Browsing named entities in The Photographic History of The Civil War: in ten volumes, Thousands of Scenes Photographed 1861-65, with Text by many Special Authorities, Volume 7: Prisons and Hospitals. (ed. Francis Trevelyan Miller). You can also browse the collection for Douglass (Nevada, United States) or search for Douglass (Nevada, United States) in all documents.

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nant H. H. Smith, of North Carolina; 5, Lieutenant J. J. Andrews, of Alabama; and 15, J. A. Tomlinson, of Kentucky. Camp Douglas, near Chicago: where Confederate prisoners from the West were confined. In the foreground stands a Confederate serg to choose a mess-sergeant from among their own number. These hundreds of men are a part of the thousands confined at Camp Douglas. The barracks were enclosed by a fence to confine the Confederate prisoners taken at Forts Donelson and Henry, and ne for the kitchen. In the remaining seventy feet an average of one hundred and seventy men slept in tiers of bunks. Camp Douglas was located on land belonging to the Stephen A. Douglas estate, and was bounded by Cottage Grove Avenue on the east, FIsland, in Sandusky Bay, Ohio; City Point, Maryland, and Rock Island, in the Mississippi River. Among the second were Camp Douglas, at Chicago, Illinois; Camp Butler, at Springfield, Illinois; Camp Morton, at Indianapolis, Indiana; Camp Chase, at Co
er prisons. A very expensive hospital was erected, paid for from the prison fund, which amounted to one hundred and seventy-five thousand dollars in 1865. Camp Douglas, in Chicago, was a large instruction and recruiting camp, of which the prison formed a comparatively small part. The Camp was on low ground, which was flooded strain of feeding both the Army of Northern Virginia and a considerable number of prisoners in Virginia. The exchange of prisoners following the agreement Camp Douglas, where ten percent of the prisoners died one month In February, 1863, out of 3,884 prisoners, 387 died at Camp Douglas in Chicago, or almost exactly ten perCamp Douglas in Chicago, or almost exactly ten per cent., a mortality rate for one month not reached by any other large prison during the war. The Camp was on low ground, the drainage bad, and conditions generally were unsanitary. Its abandonment as a prison was urged by President H. W. Bellows of the Sanitary Commission. It is hard for us to realize, as we look at this group o
they killed, and aided to some extent by negroes, Goss succeeded in getting seventy-five miles away but was finally captured. Another story from Andersonville says that a tunnel once came to the surface in the middle of a camp-fire which the guards around the stockade had built. The prisoners sprang up through the fire, nevertheless, much to the alarm of the guards, who took to their heels, apparently thinking that the door of the infernal regions had opened. For a time, escapes from Camp Douglas, at Chicago, were frequent. Prisoners were sent to that point before a fence had been constructed Artillery on guard over the prisoners at Elmira This is part of the military guard in the face of which ten prisoners escaped by tunneling from Elmira Prison. The incentive to get free from the conditions inside the stockade was so compelling that a battery of artillery was deemed necessary to forestall any sudden rush of the prisoners, who numbered at times as many as 10,000. In a r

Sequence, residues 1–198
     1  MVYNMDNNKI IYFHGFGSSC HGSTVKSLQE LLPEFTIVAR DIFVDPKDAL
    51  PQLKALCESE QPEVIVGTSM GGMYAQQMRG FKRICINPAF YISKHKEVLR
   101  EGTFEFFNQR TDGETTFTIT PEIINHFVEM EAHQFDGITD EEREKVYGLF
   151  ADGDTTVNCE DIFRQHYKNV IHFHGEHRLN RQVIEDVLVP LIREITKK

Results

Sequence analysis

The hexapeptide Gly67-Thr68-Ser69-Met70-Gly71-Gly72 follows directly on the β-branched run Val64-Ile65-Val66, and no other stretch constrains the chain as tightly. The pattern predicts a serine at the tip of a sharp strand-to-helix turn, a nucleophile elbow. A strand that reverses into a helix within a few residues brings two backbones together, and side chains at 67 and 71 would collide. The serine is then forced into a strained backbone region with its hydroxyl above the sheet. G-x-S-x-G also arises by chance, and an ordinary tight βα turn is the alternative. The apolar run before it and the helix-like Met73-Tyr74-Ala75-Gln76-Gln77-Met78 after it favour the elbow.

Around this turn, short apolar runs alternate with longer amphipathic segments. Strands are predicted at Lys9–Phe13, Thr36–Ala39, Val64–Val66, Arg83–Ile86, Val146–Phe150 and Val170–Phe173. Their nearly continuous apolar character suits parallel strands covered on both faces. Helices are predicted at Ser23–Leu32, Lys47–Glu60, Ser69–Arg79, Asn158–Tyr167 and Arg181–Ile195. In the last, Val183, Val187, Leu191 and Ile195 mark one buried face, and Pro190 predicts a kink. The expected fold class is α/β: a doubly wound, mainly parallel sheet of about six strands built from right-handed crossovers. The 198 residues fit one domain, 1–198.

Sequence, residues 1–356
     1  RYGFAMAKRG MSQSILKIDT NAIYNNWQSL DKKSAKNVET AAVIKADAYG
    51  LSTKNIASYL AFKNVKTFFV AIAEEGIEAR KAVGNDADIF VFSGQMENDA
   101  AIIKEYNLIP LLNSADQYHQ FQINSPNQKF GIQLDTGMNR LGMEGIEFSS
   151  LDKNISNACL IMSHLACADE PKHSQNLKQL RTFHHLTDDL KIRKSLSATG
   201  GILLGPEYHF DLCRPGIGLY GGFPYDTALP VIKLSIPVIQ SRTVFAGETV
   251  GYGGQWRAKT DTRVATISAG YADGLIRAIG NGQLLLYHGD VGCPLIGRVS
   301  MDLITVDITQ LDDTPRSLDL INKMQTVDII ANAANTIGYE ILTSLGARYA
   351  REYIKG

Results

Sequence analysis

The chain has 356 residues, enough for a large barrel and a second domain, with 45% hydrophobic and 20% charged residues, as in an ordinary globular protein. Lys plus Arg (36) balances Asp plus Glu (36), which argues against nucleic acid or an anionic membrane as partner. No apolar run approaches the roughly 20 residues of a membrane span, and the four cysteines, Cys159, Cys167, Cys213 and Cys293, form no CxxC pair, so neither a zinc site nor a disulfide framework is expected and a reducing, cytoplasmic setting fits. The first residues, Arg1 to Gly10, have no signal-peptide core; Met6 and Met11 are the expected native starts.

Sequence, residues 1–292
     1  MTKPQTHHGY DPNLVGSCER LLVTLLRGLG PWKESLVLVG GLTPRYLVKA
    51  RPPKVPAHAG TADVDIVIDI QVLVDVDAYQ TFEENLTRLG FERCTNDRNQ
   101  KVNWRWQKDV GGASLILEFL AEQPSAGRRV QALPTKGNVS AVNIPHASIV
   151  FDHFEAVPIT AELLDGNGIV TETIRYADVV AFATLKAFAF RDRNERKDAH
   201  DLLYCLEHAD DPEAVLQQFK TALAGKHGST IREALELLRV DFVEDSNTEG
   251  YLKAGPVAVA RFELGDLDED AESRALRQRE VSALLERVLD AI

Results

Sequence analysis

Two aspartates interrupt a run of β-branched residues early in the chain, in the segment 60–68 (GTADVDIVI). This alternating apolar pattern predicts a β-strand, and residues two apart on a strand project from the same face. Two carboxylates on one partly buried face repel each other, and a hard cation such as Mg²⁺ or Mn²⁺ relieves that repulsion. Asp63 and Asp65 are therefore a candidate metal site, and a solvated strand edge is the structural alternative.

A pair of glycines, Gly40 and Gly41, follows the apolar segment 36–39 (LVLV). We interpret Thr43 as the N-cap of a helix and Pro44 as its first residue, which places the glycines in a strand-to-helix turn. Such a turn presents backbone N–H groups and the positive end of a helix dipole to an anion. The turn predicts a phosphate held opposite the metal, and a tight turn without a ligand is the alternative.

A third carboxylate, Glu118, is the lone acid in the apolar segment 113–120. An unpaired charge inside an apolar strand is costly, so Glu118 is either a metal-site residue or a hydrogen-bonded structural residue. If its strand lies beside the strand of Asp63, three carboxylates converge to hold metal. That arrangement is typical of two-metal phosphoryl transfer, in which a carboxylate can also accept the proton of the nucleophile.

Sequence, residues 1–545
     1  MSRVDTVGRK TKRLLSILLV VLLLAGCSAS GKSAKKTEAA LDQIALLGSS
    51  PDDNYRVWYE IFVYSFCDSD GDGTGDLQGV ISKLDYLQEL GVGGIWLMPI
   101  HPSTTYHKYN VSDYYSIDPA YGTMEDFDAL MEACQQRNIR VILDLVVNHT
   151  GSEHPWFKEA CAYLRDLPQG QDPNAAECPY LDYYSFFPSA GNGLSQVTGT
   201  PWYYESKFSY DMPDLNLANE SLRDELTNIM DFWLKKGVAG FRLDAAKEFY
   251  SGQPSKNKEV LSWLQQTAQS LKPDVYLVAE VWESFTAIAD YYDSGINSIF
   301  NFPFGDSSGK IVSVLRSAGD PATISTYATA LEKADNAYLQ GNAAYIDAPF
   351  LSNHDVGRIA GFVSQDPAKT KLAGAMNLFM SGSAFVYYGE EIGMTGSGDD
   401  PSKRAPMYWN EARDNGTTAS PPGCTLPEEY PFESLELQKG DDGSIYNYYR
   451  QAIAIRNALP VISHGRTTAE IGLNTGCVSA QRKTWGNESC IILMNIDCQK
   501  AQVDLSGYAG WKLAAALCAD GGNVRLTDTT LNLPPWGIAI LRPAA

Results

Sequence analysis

New York, and forwarded to the great Union prisons at Elmira, Johnson's Island, Lake Erie, or Camp Douglas, Illinois. On the brow of the hill to the right stands a Union field-piece pointing directlyal and his subordinates as shall provide for the safe custody and sustenance. A wet day at Camp Douglas, near Chicago, Illinois At any period the sanitary conditions at Camp Douglas were not satCamp Douglas were not satisfactory. The ground was low and always flooded after a rain, as seen in this photograph, and stagnant pools of water stood there with no means of draining them off. The highest rate of mortality for any one prison during one month of the war was reached at Camp Douglas in February, 1863. Unused to the rigors of the Northern climate, the Southern prisoners died like flies in their unsanitary sution—which, as official orders of the time complained, they sometimes were not in City Point, Camp Douglas, and other prisons. General John H. Winder and Captain Henry Wirz were in constant terror of
nsolidated under the name, Sons of Liberty, though in some sections the old names continued. The membership in the Middle West, particularly in the States of Ohio, Indiana, Illinois, Kentucky, and Missouri, was quite large, and some of the members undoubtedly contemplated secession from the Union and the formation of a Northwestern Confederacy. A plot to assist the Confederate officials in Canada to release the Confederate prisoners held at Johnson's Island, Camp Chase, Camp Morton, and Camp Douglas had among its principals some members of the Sons of Liberty. The leaders of the Democratic party, to which, naturally, the larger portion of the membership belonged, discountenanced all violence or active disloyalty, though Vallandigham was supposed to be the supreme commander of the order in 1864. The influence of this organization in discouraging enlistments and creating resistance to the draft was considerable. The most important arrest in connection with the Sons of Liberty was